Sea otter (Enhydra lutris), marine mammal of the weasel family that lives near shores in the North Pacific Ocean.
Sea serpent, in myths and legends from many parts of the world, large, snakelike sea animal.
Sea squirt, any of a group of marine animals (class Ascidiacea), also known as ascidians, that squirt water when squeezed.
Sea urchin, any of a class (Echinoidea) of spiny marine animals related to the starfish and the sand dollar, occurring worldwide.
Seabees (from CB, Construction Battalion), members of the U.S.
Seaborg, Glenn Theodore (1912– ), U.S. physicist who shared the 1951 Nobel Prize for physics with E.M.
Seahorse, small marine fish of the Syngnathidae family (genus Hippocampus) found mostly in tropical waters, the head and forepart of which strongly resemble the head and neck of a horse.
Seal, stamping device with an inscription or emblem in relief or cut into its surface, used to make impressions in wax, paper, or other materials, for certification or authentication of documents. “Seal” also refers to the impression made, as well as to the proprietary design itself.
Seal, fin-footed mammal of the order Pinnipedia, which includes both the sea lions (family Otariidae) and the true seals (Phocidae).
Sealing wax, wax once used for sealing letters and still used for taking impressions from seals and for sealing bottles.
Sealyham terrier, short-legged dog originally bred in 19th-century Wales for hunting small burrowing animals.
Seaman, Elizabeth Cochrane See: Bly, Nellie.
Search warrant, in law, court order issued to give law officers the authority to enter and search private premises for evidence, persons, contraband goods, or illegal equipment, such as counterfeiting machinery. “Unreasonable searches and seizures” are forbidden in the Fourth Amendment to the U.S.
Sears, Roebuck and Company, large U.S. retail firm.
Sears Tower, in Chicago, Ill., tallest building (1,454 ft/443 m) in the world.
Seashore, land at the edge of a sea, alternately submerged and exposed by the tides.
Season, one of several divisions of the year, characterized by cyclical changes in the predominant weather pattern.
SEATO See: Southeast Asia Treaty Organization (SEATO).
Seattle (pop. 519,600), largest city in Washington, situated on hills between Elliott Bay (Puget Sound) and Lake Washington; seat of King County.
Seaweed, algae found around coasts from the shore to fairly deep water.
Sebastian, Saint (d.
Sebastopol See: Sevastopol.
Secession, in U.S. history, withdrawal of the Southern states from the Federal Union, 1860–1.
Second, measurement of time and angles in the metric system.
Secret Service, United States, branch of the U.S.
Secretariat, U.S. thoroughbred racehorse.
Secretary bird (Sagittarius serpentarius), tall bird of prey of the dry African plains.
Secretion, complex substance produced in certain cells or glands in the body and discharged into or expelled from the body; also, the process of forming and discharging the substance.
Securities Exchange Act, U.S. law passed in 1934.
Securities and Exchange Commission (SEC), independent agency of the U.S. government set up in 1934 to protect investors in securities (stocks and bonds).
Security Council See: United Nations.
Sedative, any of several drugs that reduce anxiety and induce relaxation without causing sleep.
Seddon, James Alexander (1815–80), U.S. politician, Confederate secretary of war (1862–65).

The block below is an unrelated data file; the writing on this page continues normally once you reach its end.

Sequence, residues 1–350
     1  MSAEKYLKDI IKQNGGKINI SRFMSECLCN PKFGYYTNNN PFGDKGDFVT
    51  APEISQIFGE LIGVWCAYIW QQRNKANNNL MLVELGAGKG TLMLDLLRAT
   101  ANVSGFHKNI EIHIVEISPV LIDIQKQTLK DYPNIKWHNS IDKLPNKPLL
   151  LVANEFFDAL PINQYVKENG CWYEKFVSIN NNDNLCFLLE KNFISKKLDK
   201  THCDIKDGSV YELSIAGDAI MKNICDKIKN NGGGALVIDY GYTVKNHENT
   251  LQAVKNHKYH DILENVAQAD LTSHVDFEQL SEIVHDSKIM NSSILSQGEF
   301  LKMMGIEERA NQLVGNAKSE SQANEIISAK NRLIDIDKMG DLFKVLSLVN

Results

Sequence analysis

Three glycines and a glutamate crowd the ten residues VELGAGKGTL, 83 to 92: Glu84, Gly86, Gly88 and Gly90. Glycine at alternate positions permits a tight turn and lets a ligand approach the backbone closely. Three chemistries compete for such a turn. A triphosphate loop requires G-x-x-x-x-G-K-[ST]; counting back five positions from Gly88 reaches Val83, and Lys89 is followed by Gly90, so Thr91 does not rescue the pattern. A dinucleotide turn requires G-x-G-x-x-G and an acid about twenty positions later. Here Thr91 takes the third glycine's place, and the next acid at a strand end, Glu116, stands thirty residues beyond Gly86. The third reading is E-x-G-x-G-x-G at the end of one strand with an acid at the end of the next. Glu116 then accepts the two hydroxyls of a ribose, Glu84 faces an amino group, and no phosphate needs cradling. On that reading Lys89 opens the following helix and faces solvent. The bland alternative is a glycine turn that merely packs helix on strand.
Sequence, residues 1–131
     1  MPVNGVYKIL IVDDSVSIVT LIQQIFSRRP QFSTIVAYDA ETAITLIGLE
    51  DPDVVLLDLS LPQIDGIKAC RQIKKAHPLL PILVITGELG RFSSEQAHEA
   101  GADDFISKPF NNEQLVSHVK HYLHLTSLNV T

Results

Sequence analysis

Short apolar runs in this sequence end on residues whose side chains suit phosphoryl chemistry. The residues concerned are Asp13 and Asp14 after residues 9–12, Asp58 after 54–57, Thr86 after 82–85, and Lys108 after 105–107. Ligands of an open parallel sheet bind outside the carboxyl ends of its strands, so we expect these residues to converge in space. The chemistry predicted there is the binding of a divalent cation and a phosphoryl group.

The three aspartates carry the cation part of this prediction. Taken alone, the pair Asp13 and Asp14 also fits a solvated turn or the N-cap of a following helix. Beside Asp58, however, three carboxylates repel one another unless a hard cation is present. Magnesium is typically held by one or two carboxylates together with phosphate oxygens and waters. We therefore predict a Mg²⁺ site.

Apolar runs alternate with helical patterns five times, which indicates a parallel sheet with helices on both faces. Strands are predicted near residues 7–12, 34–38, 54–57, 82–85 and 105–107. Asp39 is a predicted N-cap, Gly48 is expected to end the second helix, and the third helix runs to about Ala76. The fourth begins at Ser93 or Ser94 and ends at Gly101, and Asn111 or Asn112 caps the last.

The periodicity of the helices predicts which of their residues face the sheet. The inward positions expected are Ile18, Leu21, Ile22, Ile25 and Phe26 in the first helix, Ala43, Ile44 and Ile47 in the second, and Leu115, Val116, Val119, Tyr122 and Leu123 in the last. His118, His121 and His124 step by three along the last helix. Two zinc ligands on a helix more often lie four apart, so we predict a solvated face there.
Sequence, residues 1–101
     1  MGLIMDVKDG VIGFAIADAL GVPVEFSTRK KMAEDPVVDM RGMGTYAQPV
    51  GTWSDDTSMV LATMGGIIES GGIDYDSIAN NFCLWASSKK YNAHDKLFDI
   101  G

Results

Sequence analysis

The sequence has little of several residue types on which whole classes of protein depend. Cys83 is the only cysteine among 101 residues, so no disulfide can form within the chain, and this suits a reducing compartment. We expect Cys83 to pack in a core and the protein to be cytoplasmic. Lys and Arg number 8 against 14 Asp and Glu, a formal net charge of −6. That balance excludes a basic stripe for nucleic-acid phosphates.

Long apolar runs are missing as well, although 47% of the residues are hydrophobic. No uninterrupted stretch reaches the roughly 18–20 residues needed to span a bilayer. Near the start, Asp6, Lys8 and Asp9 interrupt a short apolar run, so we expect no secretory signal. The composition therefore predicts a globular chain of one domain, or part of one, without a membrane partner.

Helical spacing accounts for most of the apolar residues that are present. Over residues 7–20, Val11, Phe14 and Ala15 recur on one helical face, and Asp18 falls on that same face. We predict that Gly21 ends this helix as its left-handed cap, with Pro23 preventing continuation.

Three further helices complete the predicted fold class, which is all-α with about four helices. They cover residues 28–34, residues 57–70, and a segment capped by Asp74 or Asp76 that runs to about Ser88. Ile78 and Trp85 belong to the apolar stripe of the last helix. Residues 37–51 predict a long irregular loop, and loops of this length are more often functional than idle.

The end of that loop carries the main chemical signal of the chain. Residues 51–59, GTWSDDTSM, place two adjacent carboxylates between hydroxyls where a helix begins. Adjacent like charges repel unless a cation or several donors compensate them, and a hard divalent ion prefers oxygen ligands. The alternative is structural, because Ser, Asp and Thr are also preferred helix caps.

Sedge, any of afamily (Cyperaceae) of grasslike plants found in damp places worldwide in temperate regions.
Sedimentary rock, one of three main rock classes of the earth's crust; the others are igneous rock and metamorphic rock.
Sedition, incitement of the violent overthrow of the government.
Sedum, genus of succulent plants of the Crassulaceae family.
See, Holy See: Pope.
Seed, mature reproductive body of angiosperms and gymnosperms (seed-bearing plants). It also represents a resting stage that enables plants to survive through unfavorable conditions. Seeds develop from the fertilized ovule. Each seed is covered with a tough coat called a testa, and contains a young plant or embryo. In most seeds three main regions of embryo can be recognized: a radicle, which give…
Seeger, Alan (1888–1916), U.S. poet.
Seeger, Pete (1919– ), U.S. folksinger and conservation activist.
Seeing Eye dog, animal trained to guide the blind.
Segal, George (1924– ), U.S. sculptor.
Sego lily, one of the mariposa lilies (Calochortus nuttallii) native to the dry areas of western North America.
Segovia, Andrés (1893–1987), Spanish classical guitarist, most celebrated of modern players.
Segregation, separation of people according to race, religion, or ethnic origin. Custom or law may restrict the group's place of residence, use of public facilities and institutions, employment, movement, ownership of property, marriage, and the exercise of citizenship. Segregation has occurred throughout history and in most multiracial societies, especially those in which one group has sei…
Seiche, standing wave that occurs in a lake, bay, or similar basin.
Seifert, Jaroslav (1901–85), Czechoslovakian poet who was awarded the 1984 Nobel Prize for literature.
Seigneurial system, feudal system of landholding practiced in France and in the French colonies in eastern Canada.
Seine River, France's principal waterway.
Seismograph, instrument used to detect and record seismic waves caused by earthquakes, nuclear explosions, etc.; the record it produces is a seismogram.
Seismology, branch of geophysics concerned with the study of earthquakes, seismic waves and their propagation through the earth's interior.
Selassie, Haile See: Haile Selassie.
Selective Service System See: Draft, military.
Selene, in Greek mythology, goddess of the moon, called Luna in Roman mythology.
Selenium, chemical element, symbol Se; for physical constants see Periodic Table.